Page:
DEAR MISS MANNERS: If a lady is being presented to the president of the United States and his wife in a formal setting, what rules must be followed in order not to offend, or attract the attention of the Secret Service?
Should she extend a hand to the president, or wait until he does so? Is it permissible to look him full in the face, or should she cast her eyes down demurely while murmuring a polite greeting? Are the rules the same for his wife?
And speaking of greeting, one’s assumption would be that “Good evening, Mr. President” would be acceptable for him, but how does one address his wife? Mrs./Madam President? Mrs. First Lady? Mrs. Obama? (My assumption is that “Hey Michelle” would not be a good idea.)
I want to make my country, and Miss Manners, proud.
GENTLE READER: A worthy thought, for which Miss Manners thanks you. She presumes that you also take pride in being the citizen of a country that distinguishes respect from obsequiousness and allows us to look our leaders full in the face.
After some debate, our Founding Fathers ruled that court etiquette, with its flowery titles and knee-bending to superiors, was not fitting for a dignified republic. Therefore, our highest official is not His Extraordinarily Important Worship, but, as you note, simply “Mr. President.”
His wife, although popularly known as the first lady, is legally a private citizen with no official title to go with what have come to be enormous responsibilities. The only concession is that she is THE Mrs. Obama, as opposed to any other lady who might happen to have that surname, so should be addressed in writing, as well as face-to-face, without using a given name. Woodrow Wilson’s wife had two sets of cards: “Mrs. Woodrow Wilson” after he left office, but just “Mrs. Wilson” during his presidency.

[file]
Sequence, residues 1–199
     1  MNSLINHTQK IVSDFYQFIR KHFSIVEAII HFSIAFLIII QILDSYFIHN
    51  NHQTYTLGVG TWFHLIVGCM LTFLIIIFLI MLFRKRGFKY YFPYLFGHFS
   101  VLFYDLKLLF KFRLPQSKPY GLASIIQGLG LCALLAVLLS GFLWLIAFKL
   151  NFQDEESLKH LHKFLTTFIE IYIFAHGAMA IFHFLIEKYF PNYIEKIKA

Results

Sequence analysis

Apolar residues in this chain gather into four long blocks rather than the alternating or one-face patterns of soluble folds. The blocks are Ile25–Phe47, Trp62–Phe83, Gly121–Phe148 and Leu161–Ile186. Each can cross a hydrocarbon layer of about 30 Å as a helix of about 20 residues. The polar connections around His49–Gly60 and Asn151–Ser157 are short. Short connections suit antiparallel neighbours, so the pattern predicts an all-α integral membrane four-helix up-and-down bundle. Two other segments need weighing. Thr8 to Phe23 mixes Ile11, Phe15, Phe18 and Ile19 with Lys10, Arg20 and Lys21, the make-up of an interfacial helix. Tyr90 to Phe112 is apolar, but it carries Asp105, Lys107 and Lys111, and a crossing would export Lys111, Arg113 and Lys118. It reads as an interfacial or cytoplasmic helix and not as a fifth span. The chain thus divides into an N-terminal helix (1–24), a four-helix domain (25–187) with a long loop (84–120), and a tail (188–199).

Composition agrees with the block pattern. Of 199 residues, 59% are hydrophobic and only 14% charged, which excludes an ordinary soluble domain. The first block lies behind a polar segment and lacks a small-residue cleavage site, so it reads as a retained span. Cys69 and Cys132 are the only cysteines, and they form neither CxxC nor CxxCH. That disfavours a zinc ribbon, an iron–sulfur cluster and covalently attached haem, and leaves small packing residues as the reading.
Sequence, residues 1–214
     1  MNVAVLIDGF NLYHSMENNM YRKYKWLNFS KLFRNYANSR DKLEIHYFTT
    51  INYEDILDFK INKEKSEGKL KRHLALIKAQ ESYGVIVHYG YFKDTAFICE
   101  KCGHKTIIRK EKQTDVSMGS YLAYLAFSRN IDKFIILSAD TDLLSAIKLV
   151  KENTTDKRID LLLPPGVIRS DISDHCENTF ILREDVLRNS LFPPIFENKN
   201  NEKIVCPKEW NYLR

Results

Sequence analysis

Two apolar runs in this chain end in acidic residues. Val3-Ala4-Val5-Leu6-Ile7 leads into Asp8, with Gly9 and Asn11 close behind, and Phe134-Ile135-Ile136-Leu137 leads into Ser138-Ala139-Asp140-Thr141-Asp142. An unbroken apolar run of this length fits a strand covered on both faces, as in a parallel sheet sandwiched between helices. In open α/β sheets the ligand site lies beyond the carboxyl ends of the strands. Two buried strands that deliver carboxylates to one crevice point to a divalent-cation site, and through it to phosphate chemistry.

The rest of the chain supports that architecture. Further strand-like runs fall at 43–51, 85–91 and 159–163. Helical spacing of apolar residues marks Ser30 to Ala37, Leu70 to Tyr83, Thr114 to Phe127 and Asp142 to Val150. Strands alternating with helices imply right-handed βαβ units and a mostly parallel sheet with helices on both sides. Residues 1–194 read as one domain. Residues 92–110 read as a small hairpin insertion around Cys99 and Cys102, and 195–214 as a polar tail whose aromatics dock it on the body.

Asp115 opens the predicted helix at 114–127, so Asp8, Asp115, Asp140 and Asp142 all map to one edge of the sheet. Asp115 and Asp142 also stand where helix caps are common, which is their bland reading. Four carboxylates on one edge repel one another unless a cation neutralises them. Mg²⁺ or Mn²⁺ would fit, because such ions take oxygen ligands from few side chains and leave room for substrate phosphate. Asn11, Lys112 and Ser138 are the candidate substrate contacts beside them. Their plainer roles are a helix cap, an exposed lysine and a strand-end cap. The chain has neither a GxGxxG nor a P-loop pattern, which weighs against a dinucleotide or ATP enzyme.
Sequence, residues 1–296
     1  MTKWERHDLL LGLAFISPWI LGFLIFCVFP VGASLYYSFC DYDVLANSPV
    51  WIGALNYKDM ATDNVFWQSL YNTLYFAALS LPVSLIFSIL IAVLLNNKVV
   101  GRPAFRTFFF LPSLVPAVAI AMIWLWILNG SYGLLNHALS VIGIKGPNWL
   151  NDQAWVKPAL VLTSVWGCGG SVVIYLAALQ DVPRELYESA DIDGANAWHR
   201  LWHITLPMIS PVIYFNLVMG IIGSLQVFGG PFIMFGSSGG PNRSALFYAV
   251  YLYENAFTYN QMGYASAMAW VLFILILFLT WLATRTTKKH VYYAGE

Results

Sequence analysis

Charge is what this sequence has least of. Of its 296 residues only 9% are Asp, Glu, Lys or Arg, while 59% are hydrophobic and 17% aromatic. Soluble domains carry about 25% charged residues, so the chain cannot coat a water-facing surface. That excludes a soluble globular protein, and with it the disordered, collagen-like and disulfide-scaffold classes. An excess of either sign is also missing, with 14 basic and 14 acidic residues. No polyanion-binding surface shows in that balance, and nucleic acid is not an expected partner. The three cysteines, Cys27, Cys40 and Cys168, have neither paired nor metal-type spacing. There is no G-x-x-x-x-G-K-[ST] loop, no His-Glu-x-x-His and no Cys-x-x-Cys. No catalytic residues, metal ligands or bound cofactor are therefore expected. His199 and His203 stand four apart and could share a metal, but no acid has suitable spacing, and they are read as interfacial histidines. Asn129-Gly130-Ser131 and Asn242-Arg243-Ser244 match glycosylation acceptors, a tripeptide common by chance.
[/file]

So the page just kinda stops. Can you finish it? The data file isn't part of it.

And don’t worry about the handshake. Royal subjects are forbidden to initiate any form of touch with their sovereigns, but Americans find that their leaders, being politicians, are only too eager to shake hands. He will probably have his out faster than yours.
DEAR MISS MANNERS: I am a lady who must use a cane when walking due to a medical issue. Many times at social or other gatherings, well-meaning friends will walk alongside me to “assist” me.
This kind gesture often leads them to accidentally and unknowingly kick my cane, which sends me reeling. My friends usually exclaim, “You MUST be more careful!”
I do not wish to be rude, but how do I let them know that they are the ones who must be more careful?
GENTLE READER: This is a version of the scout who kindly helps someone across a street she didn’t want to cross. It is unfortunate that the tender-hearted are often tender-headed enough to think that they know more about the logistics of handling a disability than those who have one.
Miss Manners hears of such would-be helpers taking command of wheelchairs to the annoyance and possible endangerment of their owners. Intended as an act of kindness, that is actually an act of arrogance. And your friends are compounding their error by scolding you.
You will have to assert your authority by saying firmly, “Thank you, I can manage,” or, “Please walk on the other side.”
Distributed by Universal Uclick for UFS